NC Commission for Public Health to take up requiring COVID vaccine for students 17 and up

FILE - In this Sept. 14, 2021 file photo, a syringe is prepared with the Pfizer COVID-19 vaccine at a clinic at the Reading Area Community College in Reading, Pa. Businesses that have announced vaccine mandates say some workers who had been on the fence have since gotten inoculated against COVID-19. But many holdouts remain — a likely sign of what is to come once a federal mandate goes into effect. (AP Photo/Matt Rourke, File)

RALEIGH — Students ages 17 and up could be required to get a COVID-19 vaccination in order to attend secondary schools in the state, depending on the actions of a state commission.  

The N.C. Commission for Public Health (NCCPH) is the body considering such a move. The commission is housed under the N.C. Department of Health and Human Services (NCDHHS) and is the only body other than the legislature that can amend vaccination laws for students in the state. It is a 13-member body, nine of which have been appointed Gov. Roy Cooper. The other four were appointed by the N.C. Medical Society. 

During its meeting held on Nov. 3, 2021, the NCCPH addressed a “petition” that had been entered into the rulemaking process for NCCPH. Chairman Ronald May did not cite the topic of the petition but said they were reviewing it. At that meeting, May said they have 120 days before they would need to make any decisions and that “very likely at the next meeting” the commission would act. 

North State Journal inquired with NCDHHS about the unnamed petition and discovered it was sent to State Health Director Dr. Elizabeth Cuervo Tilson last October. 

The petition, submitted by four professors from Appalachian State University (ASU), requested that the “Commission for Public Health issue a COVID-19 vaccine requirement for all NC college students.” 

The quartet’s petition proposes changing state immunization requirements to include COVID-19 vaccinations for “individuals 17 years of age or entering the 12th grade, whichever comes first, on or after July 1, 2022.”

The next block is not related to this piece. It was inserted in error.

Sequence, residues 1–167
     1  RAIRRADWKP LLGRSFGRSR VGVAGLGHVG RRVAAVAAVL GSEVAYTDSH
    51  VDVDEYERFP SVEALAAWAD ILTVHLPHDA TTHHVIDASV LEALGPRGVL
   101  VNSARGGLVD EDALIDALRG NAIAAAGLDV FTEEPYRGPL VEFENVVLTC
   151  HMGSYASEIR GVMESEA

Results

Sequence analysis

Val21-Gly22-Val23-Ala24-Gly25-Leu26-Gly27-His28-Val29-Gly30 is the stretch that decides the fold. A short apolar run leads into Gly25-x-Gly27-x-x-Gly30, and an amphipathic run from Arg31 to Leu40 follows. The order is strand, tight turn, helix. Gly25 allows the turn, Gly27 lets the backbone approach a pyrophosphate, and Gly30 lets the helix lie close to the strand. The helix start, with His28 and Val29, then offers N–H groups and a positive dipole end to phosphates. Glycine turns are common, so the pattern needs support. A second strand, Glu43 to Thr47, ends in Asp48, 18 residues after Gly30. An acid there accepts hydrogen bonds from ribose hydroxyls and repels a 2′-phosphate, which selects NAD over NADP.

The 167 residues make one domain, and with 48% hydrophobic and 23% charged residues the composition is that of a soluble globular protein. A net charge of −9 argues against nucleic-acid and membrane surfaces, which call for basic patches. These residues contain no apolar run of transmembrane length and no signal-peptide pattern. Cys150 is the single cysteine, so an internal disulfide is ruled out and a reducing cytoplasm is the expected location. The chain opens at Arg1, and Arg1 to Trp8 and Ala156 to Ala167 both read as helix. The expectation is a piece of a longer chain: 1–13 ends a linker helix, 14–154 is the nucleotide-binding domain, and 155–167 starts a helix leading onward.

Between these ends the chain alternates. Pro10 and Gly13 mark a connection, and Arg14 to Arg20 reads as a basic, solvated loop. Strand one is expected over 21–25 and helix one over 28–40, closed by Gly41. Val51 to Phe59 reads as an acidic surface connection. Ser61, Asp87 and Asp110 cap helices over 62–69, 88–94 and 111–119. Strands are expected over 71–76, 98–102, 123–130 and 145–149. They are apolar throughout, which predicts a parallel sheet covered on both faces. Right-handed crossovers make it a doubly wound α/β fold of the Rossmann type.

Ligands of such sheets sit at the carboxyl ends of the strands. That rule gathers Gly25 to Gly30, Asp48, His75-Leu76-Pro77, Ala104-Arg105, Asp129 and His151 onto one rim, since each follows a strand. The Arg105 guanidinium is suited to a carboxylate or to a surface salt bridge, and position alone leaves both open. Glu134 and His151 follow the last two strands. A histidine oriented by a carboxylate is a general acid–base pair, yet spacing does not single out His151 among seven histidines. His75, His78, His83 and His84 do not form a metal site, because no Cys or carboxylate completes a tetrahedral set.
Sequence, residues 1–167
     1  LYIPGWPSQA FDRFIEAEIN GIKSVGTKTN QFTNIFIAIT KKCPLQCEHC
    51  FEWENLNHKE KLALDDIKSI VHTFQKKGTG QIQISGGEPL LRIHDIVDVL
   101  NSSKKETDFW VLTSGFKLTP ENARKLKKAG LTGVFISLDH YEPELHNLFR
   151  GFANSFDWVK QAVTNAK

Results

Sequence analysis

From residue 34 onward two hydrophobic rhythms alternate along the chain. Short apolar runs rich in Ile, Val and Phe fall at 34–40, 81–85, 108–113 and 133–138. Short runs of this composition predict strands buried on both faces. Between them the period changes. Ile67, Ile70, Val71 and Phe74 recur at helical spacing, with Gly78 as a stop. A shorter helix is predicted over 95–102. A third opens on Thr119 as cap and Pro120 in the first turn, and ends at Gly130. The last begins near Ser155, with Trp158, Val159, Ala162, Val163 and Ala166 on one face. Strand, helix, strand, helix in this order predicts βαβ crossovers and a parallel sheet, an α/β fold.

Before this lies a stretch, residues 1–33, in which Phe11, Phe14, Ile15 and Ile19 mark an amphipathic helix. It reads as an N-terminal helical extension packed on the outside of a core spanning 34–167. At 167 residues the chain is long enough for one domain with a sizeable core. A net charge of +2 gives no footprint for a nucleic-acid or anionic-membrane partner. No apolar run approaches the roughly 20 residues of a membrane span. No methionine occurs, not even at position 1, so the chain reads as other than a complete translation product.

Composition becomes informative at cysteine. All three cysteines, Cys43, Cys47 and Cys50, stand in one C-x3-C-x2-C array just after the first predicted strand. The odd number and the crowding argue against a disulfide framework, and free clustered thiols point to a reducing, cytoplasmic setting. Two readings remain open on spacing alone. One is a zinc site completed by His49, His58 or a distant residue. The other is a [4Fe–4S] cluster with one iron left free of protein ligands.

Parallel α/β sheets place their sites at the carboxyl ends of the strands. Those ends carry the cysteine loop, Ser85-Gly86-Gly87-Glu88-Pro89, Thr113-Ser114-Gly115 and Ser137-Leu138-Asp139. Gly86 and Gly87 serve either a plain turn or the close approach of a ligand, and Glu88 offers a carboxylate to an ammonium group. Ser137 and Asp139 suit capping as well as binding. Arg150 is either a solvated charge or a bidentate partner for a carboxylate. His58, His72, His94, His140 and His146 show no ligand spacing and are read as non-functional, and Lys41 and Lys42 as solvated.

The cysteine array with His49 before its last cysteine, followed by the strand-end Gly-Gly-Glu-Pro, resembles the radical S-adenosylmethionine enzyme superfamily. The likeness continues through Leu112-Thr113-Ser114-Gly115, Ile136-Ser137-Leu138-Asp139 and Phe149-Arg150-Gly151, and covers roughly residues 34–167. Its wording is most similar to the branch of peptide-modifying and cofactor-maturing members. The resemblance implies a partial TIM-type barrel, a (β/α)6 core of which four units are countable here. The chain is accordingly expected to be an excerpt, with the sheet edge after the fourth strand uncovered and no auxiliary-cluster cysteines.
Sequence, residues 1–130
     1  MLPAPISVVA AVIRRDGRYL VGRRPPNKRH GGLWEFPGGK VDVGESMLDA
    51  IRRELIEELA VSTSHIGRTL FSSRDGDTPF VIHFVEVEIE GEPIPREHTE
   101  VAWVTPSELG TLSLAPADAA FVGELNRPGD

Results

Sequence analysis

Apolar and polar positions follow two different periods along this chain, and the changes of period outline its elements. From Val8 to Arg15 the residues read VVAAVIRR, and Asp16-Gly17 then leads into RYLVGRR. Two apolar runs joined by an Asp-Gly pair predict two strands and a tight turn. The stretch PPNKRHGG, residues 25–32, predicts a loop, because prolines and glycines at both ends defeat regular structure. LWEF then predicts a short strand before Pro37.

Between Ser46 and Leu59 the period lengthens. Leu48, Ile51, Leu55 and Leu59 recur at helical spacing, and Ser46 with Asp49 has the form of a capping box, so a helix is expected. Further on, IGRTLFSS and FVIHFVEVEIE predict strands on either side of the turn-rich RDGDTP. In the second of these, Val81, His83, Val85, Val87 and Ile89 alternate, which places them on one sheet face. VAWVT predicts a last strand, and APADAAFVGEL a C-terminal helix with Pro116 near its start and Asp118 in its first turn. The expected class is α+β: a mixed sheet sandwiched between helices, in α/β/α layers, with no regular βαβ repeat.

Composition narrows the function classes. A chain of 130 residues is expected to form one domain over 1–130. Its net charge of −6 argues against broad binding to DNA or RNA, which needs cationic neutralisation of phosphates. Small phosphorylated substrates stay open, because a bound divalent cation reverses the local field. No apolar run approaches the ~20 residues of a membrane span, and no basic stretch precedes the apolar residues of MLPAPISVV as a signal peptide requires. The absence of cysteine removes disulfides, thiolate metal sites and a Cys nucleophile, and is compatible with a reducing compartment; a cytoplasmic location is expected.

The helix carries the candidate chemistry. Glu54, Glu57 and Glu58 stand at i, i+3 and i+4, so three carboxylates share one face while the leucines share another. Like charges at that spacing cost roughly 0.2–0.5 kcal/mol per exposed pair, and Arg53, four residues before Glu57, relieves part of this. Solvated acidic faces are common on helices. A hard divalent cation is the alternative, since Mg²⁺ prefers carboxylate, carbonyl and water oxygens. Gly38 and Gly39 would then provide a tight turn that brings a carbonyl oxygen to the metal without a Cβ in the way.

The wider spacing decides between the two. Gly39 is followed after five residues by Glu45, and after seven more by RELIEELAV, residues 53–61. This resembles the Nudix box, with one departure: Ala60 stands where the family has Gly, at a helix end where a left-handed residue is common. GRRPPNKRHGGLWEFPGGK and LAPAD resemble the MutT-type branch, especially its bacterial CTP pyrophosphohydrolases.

The ASU professors who submitted the request include Stella Anderson, with the Department of Management; Nancy Love, with the Department of Government and Justice Studies; Martha McCaughey, from the Sociology Department; and Emily Dakin, from the Department of Social Work. 

Dakin was the first signatory on an open letter published on Aug. 23, 2021, pushing for remote instruction at the collegiate level until the county where ASU is located reached a less than 5% positivity rate and at least 70% of ASU students were vaccinated. The letter garnered 233 signatures from ASU staff and faculty. 

Citing various Food and Drug Administration approvals for children 16 and up, the petition says, “the Commission should consider the COVID-19 vaccine age-based requirement with existing approval and, as additional approval is granted, expand the requirement for those ages.” 

The petition goes on to say the “proposed implementation date (July 1, 2022) would accommodate the existing age-based FDA approval without requiring current high-school-aged students to comply.” 

A letter attached to the petition is signed by 225 UNC system employees, the vast majority of which are affiliated with ASU. Both Cooper and then-NCDHHS Secretary Mandy Cohen were copied on the letter.  

The letter cites state law and the authority of the NCCPH to alter vaccination requirements for students in North Carolina. 

“In short, our call for the Commission to require COVID-19 vaccination among NC college and university students is supported by overwhelming evidence, precedence, law, and the authority of the Commission itself,” the letter to NCCPH reads. “Thus, we respectfully request that the Commission issue an order declaring that the COVID-19 vaccine be required of all college students attending NC colleges and universities.” 

One individual that signed the letter who did not list a college or university affiliation is Dante Strobino of “UE Local 150, NC Public Service Workers Union.” He was one of several individuals linked to the Communist Workers World Party who were arrested in connection with the destruction of a Confederate statute in Durham during 2017. His case was dismissed but he had been charged with injury to real property, defacing a public building or monument, and conspiracy to deface a public building or monument. 

This is not the first time the NCCPH has discussed making COVID-19 vaccines a legal requirement to attend schools in the state.  

In August of 2021, the NCCPH members had entertained, but then tabled, the idea of requiring COVID-19 vaccinations for K-12 students across the state.  

The commission met again virtually on Oct. 15 at which time some members joked about what they referred to as anti-vax and mask “rhetoric,” which was captured on audio obtained exclusively by North State Journal. 

The next meeting of the NCCPH is scheduled for 9 a.m. on Feb. 2, 2022. 

 

About A.P. Dillon 660 Articles
A.P. Dillon is a North State Journal reporter located near Raleigh, North Carolina. Find her on Twitter: @APDillon_